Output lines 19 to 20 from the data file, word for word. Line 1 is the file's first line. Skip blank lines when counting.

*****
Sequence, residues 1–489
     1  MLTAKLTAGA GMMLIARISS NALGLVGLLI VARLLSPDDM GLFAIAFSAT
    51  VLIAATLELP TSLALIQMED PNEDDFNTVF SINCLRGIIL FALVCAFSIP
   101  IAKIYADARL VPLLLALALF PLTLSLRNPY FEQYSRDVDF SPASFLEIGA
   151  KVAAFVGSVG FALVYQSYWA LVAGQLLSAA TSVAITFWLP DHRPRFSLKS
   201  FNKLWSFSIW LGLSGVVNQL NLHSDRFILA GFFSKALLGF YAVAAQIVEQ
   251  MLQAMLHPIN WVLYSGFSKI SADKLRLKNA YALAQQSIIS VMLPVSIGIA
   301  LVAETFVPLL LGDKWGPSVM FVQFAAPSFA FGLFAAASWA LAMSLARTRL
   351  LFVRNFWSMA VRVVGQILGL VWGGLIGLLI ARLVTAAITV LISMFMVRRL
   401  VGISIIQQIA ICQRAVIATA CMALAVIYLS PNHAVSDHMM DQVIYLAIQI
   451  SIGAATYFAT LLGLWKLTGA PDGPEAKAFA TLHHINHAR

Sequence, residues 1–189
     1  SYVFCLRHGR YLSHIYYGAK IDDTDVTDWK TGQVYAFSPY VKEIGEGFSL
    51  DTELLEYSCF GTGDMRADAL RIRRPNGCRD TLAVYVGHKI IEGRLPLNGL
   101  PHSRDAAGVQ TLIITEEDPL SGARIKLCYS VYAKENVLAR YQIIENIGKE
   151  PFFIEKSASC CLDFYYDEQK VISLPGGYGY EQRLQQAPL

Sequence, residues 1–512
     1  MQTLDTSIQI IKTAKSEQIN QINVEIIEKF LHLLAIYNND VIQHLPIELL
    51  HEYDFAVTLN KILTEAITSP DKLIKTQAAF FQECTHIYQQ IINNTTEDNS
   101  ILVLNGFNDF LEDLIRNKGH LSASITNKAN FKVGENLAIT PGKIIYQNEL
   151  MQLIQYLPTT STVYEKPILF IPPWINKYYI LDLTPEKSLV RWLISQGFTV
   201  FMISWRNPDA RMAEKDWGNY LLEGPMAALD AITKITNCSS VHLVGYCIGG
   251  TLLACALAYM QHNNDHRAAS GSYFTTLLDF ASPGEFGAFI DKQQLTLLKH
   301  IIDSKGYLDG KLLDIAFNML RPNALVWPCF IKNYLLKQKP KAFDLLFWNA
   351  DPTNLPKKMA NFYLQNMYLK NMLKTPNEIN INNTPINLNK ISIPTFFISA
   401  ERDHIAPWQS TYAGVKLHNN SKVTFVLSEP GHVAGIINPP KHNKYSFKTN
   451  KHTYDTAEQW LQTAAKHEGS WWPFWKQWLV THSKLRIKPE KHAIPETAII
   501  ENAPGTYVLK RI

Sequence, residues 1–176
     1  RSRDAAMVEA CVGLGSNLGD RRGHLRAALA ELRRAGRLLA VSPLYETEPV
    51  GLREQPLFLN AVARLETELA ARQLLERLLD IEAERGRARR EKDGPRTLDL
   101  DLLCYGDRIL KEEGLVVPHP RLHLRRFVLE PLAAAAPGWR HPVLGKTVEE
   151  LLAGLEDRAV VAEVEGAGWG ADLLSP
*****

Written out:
    51  HEYDFAVTLN KILTEAITSP DKLIKTQAAF FQECTHIYQQ IINNTTEDNS
   101  ILVLNGFNDF LEDLIRNKGH LSASITNKAN FKVGENLAIT PGKIIYQNEL